Recently, Vicki “CoolcatTeacher” Davis wrote the following:
The PROBLEM I have is point number three in Sue’s edublogger article:
“Despite what you may hear, there are strong privacy options that you can set up so only those that you want can access your information”
The primary problem as I maintained in Facebook Friending 101 is NOT you. Although there are educators who post innappropriate things on their walls all of the time, MOST of you IF you are using it with your students are not. These privacy options ARE NOT ENOUGH for the scenarios I’ve presented.
Here’s the response I left in the comments:
Vicki, thanks for your post. The real problem is that 1) Individuals still think they can act one way in private, another in public online…and there’s no division between the two; 2) We think we can tolerate that kind of behavior from those we associate with. Think of it this way…”birds of a feather facebook/tweet together.” (smile)
My policy, which appears to work but still results in occasional moments of embarassment when I notice it, is to unfriend anyone who uses profanity and does stuff that I don’t want to have associated with me. I encourage my children to do the same.Is that enough? I fear we live in a place that isn’t sanitized, linking/connections are desirable, and sometimes, those links will be inappropriate. This is why appropriating adult communication tools for use with K-12 students will always be bleeding age and problematic. Yet, this is real life and we must model appropriate behavior. Thanks for working hard to clarify the path ahead for adult learners.
Others, like Dean Shareski, suggest an “accept and forgive approach.” And, that’s not unreasonable is it? Why should we make our “friends” conform to our morals and standards for behavior in virtual spaces? The truth is, if *I* were cursing and carrying on, even if it were me just being who I am, wouldn’t I be “cast out” or would I be forgiven?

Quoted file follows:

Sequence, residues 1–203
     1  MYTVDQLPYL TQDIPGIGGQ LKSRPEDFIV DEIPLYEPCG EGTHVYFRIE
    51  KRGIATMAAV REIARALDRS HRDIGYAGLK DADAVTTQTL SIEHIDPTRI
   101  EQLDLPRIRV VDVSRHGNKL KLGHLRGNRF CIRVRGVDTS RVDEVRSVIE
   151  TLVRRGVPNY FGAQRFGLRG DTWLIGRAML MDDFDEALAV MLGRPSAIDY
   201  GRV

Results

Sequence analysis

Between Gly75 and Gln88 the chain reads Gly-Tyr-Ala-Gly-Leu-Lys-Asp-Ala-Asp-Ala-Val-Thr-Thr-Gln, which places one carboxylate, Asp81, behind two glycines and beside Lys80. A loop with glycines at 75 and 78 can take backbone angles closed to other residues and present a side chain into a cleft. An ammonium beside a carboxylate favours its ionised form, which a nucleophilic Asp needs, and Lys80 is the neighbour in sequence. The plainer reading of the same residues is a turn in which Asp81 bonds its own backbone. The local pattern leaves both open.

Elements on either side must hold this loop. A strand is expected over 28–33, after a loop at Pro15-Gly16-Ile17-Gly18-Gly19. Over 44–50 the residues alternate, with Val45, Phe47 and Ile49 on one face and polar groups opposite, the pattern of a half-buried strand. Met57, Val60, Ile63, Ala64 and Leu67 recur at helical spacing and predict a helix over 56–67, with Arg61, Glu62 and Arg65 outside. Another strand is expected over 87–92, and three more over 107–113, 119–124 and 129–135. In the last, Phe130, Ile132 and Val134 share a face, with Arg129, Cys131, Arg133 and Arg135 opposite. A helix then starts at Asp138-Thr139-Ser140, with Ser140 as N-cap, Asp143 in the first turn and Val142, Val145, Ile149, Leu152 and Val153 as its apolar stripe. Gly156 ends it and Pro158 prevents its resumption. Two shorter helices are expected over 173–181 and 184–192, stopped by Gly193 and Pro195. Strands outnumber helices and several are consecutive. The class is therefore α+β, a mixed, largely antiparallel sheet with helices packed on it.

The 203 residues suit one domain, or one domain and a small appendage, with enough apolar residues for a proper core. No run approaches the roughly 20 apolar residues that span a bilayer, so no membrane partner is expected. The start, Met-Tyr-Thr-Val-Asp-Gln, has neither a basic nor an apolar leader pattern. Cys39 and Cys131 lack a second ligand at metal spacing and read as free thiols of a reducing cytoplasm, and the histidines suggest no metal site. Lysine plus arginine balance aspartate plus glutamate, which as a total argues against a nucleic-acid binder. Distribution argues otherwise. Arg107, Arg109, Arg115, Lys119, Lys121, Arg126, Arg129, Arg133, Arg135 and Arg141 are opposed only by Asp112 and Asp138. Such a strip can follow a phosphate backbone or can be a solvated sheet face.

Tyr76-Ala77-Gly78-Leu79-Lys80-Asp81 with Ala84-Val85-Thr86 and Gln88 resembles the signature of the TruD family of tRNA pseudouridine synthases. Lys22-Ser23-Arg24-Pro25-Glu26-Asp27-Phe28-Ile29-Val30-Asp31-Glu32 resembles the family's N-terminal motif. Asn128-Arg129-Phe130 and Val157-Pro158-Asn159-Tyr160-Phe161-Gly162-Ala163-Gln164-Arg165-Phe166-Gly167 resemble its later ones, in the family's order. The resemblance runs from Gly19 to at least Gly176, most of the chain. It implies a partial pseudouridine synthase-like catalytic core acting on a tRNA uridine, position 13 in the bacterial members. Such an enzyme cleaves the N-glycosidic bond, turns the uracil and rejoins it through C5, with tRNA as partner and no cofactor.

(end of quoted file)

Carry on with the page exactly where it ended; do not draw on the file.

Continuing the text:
Many people object to bad language and it is not acceptable for general use. Someone who habitually swears shows that he lacks vocabulary and is unable to get his meaning across without swearing. Swearing at work makes a worker sound unprofessional. The workplace is a public space. (Source: Profanity in Work Communications)
In truth, in today’s school climate, being cast out rather than forgiven would be the response considered most appropriate. Not only would you have the onus of cursing in front of children,but you would also have the issue of cursing in a public space which could cause considerable distractions in your workplace. What would parents think of a teacher or educator caught cursing in a public space in front of children? It’s certain that students cursing in school may be fined
Walking through town on most days you’ll hear them cursing and swearing, practically every second word is a four letter expletive and in my opinion there’s absolutely no need for such language. It’s not just the boys that swear, the girls are just as bad if not worse. I happen to think there is nothing less attractive than hearing a young “lady” cuss and utter such obscenities….Source: Swearing in Public Places is Unacceptable
Vicki makes a follow up comment to Dean’s where she cites being a Christian. As she points out, being a Christian means being an imperfect work in progress, redeemed by God’s grace and sacrifice. That means, I wouldn’t necessarily look to fellow Christians as being the source of forgiveness. A man on death row may accept Christ and be redeemed, but he is still subject to the laws of the land, the consequences for his actions.
And, some consequences should be avoided in school and in life. Frankly, cursing is one of those. There are many topics that should be avoided in school.
…some general actions and gestures to avoid as an ESL teacher in a multicultural class:
- Eating or chewing gum in class
- Holding eye contact for a long period of time
- Standing very close to a student
As an educator with ESL background, do you think I’d ever introduce swearing as a topic in my classes?